‘It’s big, it’s dumb, but it’s a whole lot of fun, and exactly what you’d expect it to be’ – MacDara Conroy on disaster epic San Andreas
If there’s an upside to San Andreas being released in the wake of the Greatest Action Movie Of All Time (AKA Mad Mad: Fury Road), it’s that it doesn’t come overburdened with the same weight of expectations, whether as a quasi-feminist tract or an off-the-wall crazy dystopian spectacle. If anything, this old-school, high-concept blockbuster (elevator pitch: The Rock versus an earthquake) is that film’s complete opposite, both intellectually and conceptually. It’s big, it’s dumb, but it’s a whole lot of fun, and exactly what you’d expect it to be.
I mean, I could sit here all day listing all the things that are ostensibly ‘wrong’ with it. Granted, it’s basically a clip show of disaster movie clichés. Dams burst and buildings crumble as superstar pro wrestler turned competent movie guy Dwayne ‘The Rock’ Johnson, whose character sports the improbably white-bread name Ray Gaines, takes off in his LAFD rescue chopper to pluck his estranged wife (Carla Gugino) and not-yet-old-enough-to-drink daughter (29-year-old Alexandra Daddario) from the mayhem below as the ‘Big One’ tears up most of California and surrounds. Meanwhile the boffins, led by nerd-for-hire Paul Giamatti, crunch the numbers and strive to warn the world of the increasing dangers that lie ahead, tossing around outdated but science-y sounding terms like ‘Richter scale’. Yep.
The first half hour goes out of its way to split the leads apart for the inevitable heroic round-up, which also gives us the B-story as resourceful Daddario, seemingly abandoned in San Francisco by her only vaguely villainous future stepfather Ioan Griffud, teams up with a pair of impossibly plummy British brothers (Aussie actor Hugo Johnstone-Burt and precocious Donegal lad Art Parkinson) to seek rescue from the stupendous CGI carnage, lashing on one calamitous crisis after another: a collapsing skyscraper here, a tsunami there. Have the main protagonists get around by means of the most blatant plot conveniences, throw in a few red-herring Chekov’s guns, indeed give up on the plot making much sense at all under close scrutiny (characters drift in and out at random or as needed, and some of the leads don’t even meet!) and you’ve got a recipe for a disaster of epic proportions, right?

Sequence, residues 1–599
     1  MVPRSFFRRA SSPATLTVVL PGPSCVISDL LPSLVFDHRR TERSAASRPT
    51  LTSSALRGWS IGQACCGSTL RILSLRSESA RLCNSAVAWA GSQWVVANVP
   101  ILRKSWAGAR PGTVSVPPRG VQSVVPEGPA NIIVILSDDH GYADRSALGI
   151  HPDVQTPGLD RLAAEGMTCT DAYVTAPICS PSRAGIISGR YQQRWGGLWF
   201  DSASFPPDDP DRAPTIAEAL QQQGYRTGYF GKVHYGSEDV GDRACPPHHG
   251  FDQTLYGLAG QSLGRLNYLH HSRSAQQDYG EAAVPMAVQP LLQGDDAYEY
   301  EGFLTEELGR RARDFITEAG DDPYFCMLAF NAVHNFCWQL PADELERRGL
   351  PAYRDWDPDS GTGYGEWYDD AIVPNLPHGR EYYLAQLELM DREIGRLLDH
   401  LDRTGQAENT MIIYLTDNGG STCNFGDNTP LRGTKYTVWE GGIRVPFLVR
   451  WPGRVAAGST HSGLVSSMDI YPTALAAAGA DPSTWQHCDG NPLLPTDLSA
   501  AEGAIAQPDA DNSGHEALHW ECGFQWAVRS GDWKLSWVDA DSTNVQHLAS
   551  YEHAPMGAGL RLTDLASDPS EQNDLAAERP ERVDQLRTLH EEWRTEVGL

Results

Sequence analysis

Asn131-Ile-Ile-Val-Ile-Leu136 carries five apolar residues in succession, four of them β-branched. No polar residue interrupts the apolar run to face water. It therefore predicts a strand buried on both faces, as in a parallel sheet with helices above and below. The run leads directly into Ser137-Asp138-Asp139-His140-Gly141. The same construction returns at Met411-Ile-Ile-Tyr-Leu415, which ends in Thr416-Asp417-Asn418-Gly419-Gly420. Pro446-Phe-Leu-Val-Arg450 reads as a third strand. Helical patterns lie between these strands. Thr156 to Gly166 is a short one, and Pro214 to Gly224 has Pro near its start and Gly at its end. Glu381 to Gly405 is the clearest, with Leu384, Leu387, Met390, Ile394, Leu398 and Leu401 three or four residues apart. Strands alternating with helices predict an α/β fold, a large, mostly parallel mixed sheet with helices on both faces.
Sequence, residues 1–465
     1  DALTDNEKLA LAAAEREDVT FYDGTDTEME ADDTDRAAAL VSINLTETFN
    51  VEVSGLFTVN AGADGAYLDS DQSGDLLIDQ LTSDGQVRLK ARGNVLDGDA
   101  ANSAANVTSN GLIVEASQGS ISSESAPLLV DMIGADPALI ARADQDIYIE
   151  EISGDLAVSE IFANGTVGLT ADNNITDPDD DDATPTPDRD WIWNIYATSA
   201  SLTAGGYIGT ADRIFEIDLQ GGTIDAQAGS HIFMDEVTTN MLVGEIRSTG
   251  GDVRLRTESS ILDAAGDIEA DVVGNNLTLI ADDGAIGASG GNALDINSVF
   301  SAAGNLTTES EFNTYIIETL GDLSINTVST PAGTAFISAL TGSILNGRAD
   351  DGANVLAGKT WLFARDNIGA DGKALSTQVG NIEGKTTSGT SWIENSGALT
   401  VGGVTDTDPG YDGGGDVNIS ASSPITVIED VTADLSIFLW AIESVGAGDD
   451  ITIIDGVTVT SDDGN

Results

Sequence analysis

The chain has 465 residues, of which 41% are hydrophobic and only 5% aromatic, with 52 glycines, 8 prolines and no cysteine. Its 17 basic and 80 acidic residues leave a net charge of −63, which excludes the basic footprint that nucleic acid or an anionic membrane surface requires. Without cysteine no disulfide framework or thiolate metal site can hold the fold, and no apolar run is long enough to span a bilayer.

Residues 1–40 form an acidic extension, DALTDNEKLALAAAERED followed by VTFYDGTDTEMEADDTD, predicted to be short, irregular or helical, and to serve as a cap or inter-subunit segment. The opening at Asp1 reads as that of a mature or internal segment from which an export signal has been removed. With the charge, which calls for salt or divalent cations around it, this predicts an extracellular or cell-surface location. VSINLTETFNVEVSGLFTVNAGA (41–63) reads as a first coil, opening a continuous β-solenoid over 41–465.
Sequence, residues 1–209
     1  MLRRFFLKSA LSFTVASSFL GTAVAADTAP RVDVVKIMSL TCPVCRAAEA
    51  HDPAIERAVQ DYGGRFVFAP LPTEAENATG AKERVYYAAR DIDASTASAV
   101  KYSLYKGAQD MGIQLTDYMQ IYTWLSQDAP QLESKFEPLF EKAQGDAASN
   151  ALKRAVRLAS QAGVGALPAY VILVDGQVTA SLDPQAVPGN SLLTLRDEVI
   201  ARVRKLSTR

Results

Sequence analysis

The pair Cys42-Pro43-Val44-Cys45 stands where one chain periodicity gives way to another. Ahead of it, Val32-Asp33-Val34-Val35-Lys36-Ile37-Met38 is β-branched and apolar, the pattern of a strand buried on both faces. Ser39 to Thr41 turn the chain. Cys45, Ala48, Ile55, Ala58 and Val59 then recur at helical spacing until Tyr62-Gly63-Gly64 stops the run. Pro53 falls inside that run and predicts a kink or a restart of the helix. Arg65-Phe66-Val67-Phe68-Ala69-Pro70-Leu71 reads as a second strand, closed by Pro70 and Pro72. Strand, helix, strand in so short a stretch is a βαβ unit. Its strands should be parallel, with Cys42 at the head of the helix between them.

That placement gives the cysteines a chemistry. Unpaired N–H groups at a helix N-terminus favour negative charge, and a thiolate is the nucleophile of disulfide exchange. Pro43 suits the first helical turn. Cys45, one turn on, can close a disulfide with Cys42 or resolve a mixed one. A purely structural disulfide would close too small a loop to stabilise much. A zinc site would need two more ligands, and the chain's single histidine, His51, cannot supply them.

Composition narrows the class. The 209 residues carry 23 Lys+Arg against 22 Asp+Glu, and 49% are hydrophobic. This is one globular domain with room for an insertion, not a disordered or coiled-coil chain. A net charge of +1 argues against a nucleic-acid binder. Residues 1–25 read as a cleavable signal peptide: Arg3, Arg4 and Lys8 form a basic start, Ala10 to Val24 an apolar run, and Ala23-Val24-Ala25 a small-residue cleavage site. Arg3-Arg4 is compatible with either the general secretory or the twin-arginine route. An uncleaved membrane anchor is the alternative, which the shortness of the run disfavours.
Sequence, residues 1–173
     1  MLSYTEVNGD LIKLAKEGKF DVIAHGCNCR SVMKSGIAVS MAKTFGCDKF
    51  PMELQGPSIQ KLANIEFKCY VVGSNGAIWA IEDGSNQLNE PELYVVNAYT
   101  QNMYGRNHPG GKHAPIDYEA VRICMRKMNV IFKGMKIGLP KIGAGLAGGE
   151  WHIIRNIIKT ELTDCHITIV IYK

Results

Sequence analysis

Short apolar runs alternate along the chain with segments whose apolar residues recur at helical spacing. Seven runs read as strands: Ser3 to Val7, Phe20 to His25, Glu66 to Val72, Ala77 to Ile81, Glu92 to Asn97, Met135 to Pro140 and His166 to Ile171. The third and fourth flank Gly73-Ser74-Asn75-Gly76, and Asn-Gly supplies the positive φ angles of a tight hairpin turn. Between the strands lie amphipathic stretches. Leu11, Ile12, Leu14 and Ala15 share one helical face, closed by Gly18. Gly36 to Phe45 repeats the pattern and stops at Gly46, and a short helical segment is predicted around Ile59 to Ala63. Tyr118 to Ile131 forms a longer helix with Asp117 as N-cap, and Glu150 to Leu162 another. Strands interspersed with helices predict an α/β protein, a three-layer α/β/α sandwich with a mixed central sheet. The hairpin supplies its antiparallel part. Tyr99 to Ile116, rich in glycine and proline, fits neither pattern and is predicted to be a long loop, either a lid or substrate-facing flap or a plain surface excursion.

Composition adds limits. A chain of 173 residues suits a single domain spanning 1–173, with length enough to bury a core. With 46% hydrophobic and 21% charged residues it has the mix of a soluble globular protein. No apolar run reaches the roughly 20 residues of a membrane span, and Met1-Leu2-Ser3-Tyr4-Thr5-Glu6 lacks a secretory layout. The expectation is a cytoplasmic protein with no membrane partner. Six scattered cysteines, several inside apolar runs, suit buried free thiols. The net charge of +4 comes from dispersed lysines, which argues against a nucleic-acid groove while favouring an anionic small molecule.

Actually, these failings really take nothing away from San Andreas, and may even add to its ridiculous charm. And the epicentre of that charm offensive is Johnson himself: he’s stupefyingly charismatic – but you knew that already – and that he mostly deadpans it throughout the movie makes you love him even more. Who gives a shit that he’s a dangerous flyboy trying tricks that would give any real rescue pilot a coronary? Why question the notion that he basically abandons his first-responder responsibilities to go rescue his wife and daughter amid the most destructive natural disaster America has ever known?
It’s a lot like Johnson’s old business of wrestling: you’ve got to suspend disbelief, check reality at the door and just accept that The Rock can fly a rescue chopper solo wherever he damn well pleases, just because. There’s a real sense that director Brad Peyton (reuniting with Johnson after kids’ adventure Journey 2) and writer Carlton Cuse (co-creator of The Adventures of Brisco County, Jr) are working on two levels here, with a subtle parodic twist running beneath the bombast, but that’s by no means a gag at the expense of the mass audiences who by right should be flooding to this flick in their droves. It’s just a little something extra to make the big kid in you and me smile and laugh with glee as The Rock drops his People’s Elbow on the San Andreas Fault.
San Andreas opened nationwide in 3D and 2D on Thursday May 28th